By definition, HMOs comprise at least five unrelated tenants, who form at least two households and who share bathroom and / or kitchen facilities. Smaller house shares of three unrelated tenants can also be subject to licencing, according to the jurisdiction of local councils.

In the first instance, it goes without saying that HMOs have long since been a fixture of the lettings landscape. From student houses to flat shares amongst young professionals, they are a commonality.

However, it has come to light that many landlords and estate owners have found themselves responsible for HMOs by circumstance rather than design.

While the new legislation has almost gone under the radar, it has been effective since 1st October 2018, and regulates the safety and standards of HMOs, whether residents are permanent or temporary, short or long-term. 

Licences can be obtained through the local council, and are likely to be granted if:

    1    The property in question is suitable for the number of occupants

    2    The property manager – whether the owner or an agent – is considered to be ‘fit and proper’, e.g. with no criminal record or breach of landlord laws or codes of practice

Minimum room standards must comprise:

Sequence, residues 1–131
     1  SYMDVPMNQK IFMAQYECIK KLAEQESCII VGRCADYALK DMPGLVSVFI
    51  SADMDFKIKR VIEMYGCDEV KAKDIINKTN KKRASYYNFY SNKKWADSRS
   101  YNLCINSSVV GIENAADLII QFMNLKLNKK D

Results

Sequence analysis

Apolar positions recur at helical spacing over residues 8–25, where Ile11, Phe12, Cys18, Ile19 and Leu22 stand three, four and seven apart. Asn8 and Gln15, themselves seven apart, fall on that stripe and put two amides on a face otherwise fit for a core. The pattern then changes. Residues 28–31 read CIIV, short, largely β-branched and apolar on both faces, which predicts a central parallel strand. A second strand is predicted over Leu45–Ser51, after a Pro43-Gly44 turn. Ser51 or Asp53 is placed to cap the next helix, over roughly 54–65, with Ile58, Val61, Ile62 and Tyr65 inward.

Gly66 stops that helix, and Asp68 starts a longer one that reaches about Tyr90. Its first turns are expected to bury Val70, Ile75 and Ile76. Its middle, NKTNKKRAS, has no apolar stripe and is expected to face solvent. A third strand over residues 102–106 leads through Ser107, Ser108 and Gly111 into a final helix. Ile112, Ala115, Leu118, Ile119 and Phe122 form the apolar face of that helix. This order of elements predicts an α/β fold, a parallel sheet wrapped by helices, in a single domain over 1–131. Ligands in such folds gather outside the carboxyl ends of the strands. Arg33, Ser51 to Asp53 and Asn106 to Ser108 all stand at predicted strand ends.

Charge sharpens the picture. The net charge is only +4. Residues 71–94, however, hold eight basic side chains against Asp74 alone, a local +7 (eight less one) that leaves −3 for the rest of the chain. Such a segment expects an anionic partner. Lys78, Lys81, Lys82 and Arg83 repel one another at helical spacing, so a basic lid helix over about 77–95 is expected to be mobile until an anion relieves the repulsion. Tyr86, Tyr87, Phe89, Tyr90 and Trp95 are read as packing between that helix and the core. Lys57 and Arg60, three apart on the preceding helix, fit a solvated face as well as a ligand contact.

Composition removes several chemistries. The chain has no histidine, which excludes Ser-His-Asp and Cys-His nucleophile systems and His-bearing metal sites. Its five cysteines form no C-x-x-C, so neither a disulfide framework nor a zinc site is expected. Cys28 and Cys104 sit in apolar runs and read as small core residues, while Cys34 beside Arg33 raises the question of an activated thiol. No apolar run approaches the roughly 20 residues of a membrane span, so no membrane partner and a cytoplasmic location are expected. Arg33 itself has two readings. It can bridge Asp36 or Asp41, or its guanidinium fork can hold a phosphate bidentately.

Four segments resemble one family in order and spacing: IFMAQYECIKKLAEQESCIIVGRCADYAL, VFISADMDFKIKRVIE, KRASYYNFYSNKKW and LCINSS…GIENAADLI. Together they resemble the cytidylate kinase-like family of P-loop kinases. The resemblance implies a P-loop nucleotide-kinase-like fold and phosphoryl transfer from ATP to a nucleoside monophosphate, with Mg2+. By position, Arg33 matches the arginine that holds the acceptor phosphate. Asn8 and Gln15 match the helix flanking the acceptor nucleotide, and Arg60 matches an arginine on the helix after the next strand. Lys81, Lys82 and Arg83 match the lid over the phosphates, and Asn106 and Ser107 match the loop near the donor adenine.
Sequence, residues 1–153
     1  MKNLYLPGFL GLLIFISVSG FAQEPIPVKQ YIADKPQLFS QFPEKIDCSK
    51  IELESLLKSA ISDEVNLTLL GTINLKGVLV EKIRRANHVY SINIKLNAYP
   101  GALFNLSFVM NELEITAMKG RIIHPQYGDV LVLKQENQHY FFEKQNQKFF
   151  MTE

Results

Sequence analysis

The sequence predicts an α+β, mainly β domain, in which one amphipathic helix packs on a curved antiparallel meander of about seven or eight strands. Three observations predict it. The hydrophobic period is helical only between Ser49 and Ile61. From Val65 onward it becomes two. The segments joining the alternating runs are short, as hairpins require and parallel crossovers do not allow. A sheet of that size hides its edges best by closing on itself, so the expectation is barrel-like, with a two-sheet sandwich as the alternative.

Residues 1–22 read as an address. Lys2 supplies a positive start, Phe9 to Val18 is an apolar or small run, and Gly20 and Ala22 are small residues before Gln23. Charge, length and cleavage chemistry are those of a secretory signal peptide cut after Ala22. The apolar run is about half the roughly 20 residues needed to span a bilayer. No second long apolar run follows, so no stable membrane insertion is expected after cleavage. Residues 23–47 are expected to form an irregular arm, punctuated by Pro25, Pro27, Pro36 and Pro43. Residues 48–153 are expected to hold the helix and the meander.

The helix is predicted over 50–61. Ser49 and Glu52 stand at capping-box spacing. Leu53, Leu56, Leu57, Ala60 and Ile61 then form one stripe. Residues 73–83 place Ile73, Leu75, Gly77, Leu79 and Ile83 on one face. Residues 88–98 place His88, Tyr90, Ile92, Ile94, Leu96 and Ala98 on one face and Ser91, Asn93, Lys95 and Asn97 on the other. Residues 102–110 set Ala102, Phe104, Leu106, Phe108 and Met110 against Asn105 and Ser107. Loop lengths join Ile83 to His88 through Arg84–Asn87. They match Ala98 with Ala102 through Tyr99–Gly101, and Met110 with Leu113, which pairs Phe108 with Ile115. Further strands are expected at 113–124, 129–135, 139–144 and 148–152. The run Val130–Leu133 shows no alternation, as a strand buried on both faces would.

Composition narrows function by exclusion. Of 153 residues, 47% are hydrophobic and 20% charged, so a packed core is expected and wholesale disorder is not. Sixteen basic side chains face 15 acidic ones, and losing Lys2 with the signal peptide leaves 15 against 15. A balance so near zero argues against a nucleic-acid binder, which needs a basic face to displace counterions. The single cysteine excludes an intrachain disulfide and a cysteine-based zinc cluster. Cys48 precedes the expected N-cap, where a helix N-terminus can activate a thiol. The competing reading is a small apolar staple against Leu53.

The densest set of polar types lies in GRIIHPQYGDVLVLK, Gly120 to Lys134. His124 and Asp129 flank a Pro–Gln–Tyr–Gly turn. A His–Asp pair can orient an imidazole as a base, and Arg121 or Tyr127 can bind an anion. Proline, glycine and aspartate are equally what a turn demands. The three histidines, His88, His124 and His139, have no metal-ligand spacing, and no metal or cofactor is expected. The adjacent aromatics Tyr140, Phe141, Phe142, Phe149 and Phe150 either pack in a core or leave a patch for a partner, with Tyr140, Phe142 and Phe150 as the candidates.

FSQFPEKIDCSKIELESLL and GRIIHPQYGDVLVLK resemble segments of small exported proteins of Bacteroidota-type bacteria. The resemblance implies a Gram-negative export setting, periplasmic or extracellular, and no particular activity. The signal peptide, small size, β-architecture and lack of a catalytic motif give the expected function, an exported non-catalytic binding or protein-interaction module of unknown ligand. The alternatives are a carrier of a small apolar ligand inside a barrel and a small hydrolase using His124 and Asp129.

1    Usable floor space of more than 6.51 sq metres if letting a room to a single adult

    2    Usable floor space of more than 10.22 sq metres if letting a room to two adults 

It is likely that an HMO licence will limit the number of individuals who can occupy a specific room as sleeping accommodation.

For a licence to be upheld, landlords or managing agents must:

    1    Send the council an updated gas safety certificate every year

    2    Install and maintain smoke alarms

    3    Provide safety certificates for all electrical appliances when requested 

Generally, councils have been user-friendly and will offer guidance on what measures must be implemented for a licence to be granted. That said, councils are at liberty to add other conditions to a licence, such as improving the standard of an individual property’s facilities.

Indeed, we have witnessed cases in which councils have requested that fire safety is prioritised. In practice, this has included emergency lighting, smoke alarms and fire doors. Meanwhile, other examples have involved the installation of more bathrooms.

If an application for an HMO licence is declined, there is scope to appeal to the First-Tier Tribunal, albeit this incurs an additional fee set by the relevant council.

Legally, councils can carry out spot checks and enforce an unlimited fine for failure of compliance, so due diligence is recommended. We are aware of two examples in which penalties were particularly acute, with one landlord in Brent, Greater London, who was fined £30,000 plus costs for letting an undersized room. Meanwhile, another landlord in the West Midlands was fined £180,000 for letting four unlicensed HMOs.

But by no means should the legislation result in panic; if you’re unsure or think you might be responsible for an HMO, the best course of action is to seek professional advice at the first opportunity and tackle the issue head on.